When did Calder start making mobiles?

Inspired by a visit to Piet Mondrian ’s studio in 1930, Calder began to experiment with abstract constructions. He created his first mobiles in the early 1930s; the earliest were hand-cranked or motorized, but he quickly adopted free-floating designs.

Where did Alexander Calder go to school?

His interests, however, veered more toward mechanical devices, and he graduated with a degree in mechanical engineering from the Stevens Institute of Technology (New Jersey) in 1919. In 1923 he enrolled at the famed Art Students League in New York, …

How did Calder shift from figurative linear sculptures in wire to abstract forms in motion?

Calder shifted from figurative linear sculptures in wire to abstract forms in motion by creating the first mobiles. Composed of pivoting lengths of wire counterbalanced with thin metal fins, the appearance of the entire piece was randomly arranged and rearranged in space by chance simply by the air moving the individual parts.

What was Calder’s first stabile?

Counterpoint to his mobiles, Calder created many stabiles, composed of intersecting shaped planes of bolted sheet metal, often painted a single color. Devil Fish was the first larger-scale stabile Calder made. By forming combinations of curved biomorphic shapes, Calder creates a swirling sense of motion, even in a static sculpture such as this. Later stabiles combined both organic and geometric forms.

What did Calder make?

At eight, Calder was creating jewelry for his sister’s dolls from beads and copper wire. Over the next few years, as his family moved to Pasadena, Philadelphia, New York, and San Francisco, he crafted small animal figures and game boards from scavenged wood and brass.

What did Alexander Calder do?

Alexander Calder, known as Sandy, was born into a long line of sculptors, being part of the fourth generation to take up the art form. Constructing objects from a very young age , his first known art tool was a pair of pliers. At eight, Calder was creating jewelry for his sister’s dolls from beads and copper wire. Over the next few years, as his family moved to Pasadena, Philadelphia, New York, and San Francisco, he crafted small animal figures and game boards from scavenged wood and brass. Calder’s interest initially led not to art, but to mechanical engineering and applied kinetics, which he studied at Stevens Institute of Technology in Hoboken, New Jersey (1915-1919).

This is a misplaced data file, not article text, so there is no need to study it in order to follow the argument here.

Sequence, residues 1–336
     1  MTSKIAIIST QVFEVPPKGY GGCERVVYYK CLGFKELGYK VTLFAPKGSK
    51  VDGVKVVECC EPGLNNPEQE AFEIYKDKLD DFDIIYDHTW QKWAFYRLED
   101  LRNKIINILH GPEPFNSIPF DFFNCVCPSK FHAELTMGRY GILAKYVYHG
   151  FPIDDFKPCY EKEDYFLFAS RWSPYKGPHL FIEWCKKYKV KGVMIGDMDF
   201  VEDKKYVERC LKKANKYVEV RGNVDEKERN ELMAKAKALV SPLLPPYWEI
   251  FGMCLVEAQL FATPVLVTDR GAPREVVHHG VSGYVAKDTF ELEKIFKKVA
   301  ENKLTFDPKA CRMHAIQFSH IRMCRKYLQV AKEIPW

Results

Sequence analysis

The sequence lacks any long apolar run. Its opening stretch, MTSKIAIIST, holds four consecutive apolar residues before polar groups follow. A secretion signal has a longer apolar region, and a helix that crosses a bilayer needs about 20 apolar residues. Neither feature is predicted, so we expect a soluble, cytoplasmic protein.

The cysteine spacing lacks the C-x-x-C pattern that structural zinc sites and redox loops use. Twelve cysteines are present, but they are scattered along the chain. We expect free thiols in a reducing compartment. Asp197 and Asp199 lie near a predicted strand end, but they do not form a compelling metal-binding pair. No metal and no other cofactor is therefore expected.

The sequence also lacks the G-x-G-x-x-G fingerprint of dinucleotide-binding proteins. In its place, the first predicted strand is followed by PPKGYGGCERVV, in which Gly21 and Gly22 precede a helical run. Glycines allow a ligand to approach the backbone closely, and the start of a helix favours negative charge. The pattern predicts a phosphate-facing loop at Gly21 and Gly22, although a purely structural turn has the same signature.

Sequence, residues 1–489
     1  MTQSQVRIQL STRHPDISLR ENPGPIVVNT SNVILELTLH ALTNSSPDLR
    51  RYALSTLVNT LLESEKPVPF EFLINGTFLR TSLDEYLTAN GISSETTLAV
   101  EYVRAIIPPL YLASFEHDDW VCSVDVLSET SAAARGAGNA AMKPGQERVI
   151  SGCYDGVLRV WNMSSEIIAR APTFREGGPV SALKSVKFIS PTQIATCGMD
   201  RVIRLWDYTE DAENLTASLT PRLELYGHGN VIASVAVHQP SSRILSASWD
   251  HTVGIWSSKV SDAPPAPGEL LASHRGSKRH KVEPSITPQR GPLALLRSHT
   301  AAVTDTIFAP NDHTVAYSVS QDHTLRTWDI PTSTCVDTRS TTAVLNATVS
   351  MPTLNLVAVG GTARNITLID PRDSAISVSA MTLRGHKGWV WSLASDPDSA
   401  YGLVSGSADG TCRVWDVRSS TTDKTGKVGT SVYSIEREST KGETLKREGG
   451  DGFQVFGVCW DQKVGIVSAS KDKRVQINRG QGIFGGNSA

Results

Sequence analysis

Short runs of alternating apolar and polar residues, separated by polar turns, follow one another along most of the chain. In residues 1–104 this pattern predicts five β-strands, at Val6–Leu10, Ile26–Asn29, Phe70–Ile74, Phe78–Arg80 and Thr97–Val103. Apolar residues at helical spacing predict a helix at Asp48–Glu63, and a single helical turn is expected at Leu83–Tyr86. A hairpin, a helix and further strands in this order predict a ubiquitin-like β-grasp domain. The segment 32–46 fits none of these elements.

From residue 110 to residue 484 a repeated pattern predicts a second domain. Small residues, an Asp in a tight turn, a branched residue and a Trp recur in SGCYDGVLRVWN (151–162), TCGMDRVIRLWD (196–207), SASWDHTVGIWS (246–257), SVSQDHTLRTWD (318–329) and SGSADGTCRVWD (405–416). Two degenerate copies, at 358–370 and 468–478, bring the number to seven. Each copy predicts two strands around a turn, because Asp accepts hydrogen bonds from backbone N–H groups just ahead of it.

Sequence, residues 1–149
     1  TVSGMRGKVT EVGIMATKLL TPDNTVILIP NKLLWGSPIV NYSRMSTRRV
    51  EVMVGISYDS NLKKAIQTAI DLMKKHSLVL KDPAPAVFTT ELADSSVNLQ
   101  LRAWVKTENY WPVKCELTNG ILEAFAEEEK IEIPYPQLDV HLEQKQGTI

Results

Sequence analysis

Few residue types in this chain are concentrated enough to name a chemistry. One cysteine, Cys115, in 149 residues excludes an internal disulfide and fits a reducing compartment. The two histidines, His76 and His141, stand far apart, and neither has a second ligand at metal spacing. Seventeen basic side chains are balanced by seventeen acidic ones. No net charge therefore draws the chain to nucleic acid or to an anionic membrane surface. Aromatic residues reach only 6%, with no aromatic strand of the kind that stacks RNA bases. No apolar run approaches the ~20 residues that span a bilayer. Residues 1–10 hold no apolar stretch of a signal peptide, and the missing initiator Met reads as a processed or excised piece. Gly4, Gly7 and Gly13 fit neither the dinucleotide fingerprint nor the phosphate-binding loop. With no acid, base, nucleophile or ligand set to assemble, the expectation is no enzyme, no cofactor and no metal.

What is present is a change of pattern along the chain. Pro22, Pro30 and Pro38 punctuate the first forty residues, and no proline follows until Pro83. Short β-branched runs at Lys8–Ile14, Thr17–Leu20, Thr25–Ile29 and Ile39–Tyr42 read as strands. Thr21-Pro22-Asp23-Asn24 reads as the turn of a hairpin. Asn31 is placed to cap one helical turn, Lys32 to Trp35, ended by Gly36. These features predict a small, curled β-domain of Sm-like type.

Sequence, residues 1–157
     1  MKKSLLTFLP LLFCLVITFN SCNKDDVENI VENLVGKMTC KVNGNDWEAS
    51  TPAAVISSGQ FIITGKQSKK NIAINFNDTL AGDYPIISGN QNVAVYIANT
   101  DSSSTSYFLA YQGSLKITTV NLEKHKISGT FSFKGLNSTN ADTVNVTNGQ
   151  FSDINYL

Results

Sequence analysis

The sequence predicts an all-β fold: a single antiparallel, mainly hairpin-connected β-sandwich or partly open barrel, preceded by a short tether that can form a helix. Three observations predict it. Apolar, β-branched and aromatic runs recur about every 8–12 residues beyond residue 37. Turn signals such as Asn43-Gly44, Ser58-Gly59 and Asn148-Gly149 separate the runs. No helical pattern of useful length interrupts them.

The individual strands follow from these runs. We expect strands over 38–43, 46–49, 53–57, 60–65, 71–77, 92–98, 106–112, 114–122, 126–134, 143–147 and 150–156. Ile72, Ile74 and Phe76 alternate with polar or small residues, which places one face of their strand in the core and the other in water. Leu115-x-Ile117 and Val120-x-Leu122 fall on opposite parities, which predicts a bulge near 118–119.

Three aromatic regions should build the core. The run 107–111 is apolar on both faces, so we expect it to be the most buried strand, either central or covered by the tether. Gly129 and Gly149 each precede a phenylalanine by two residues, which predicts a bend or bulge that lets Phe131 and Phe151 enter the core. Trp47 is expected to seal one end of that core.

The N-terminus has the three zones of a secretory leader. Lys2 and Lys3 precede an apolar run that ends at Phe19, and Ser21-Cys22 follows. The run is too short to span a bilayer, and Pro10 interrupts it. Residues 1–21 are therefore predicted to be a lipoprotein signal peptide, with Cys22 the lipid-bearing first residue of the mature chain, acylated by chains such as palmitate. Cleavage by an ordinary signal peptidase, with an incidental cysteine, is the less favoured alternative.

What is Alexander Calder’s sculpture?

American artist Alexander Calder redefined sculpture by introducing the element of movement, first through performances of his mechanical Calder’s Circus and later with motorized works, and, finally, with hanging works called "mobiles.". In addition to his abstract mobiles, Calder also created static sculptures, …

What was Calder’s desire to create abstract paintings that moved through space?

Interested in astronomy, he compared his works’ discrete moving parts to the solar system.

What is the significance of Calder’s Circus?

Three films were made of Calder’s Circus performances, but the work’s significance is that it is one of the earliest modern works in which the artist is equally involved as both a "maker" and a performer. Artwork Images.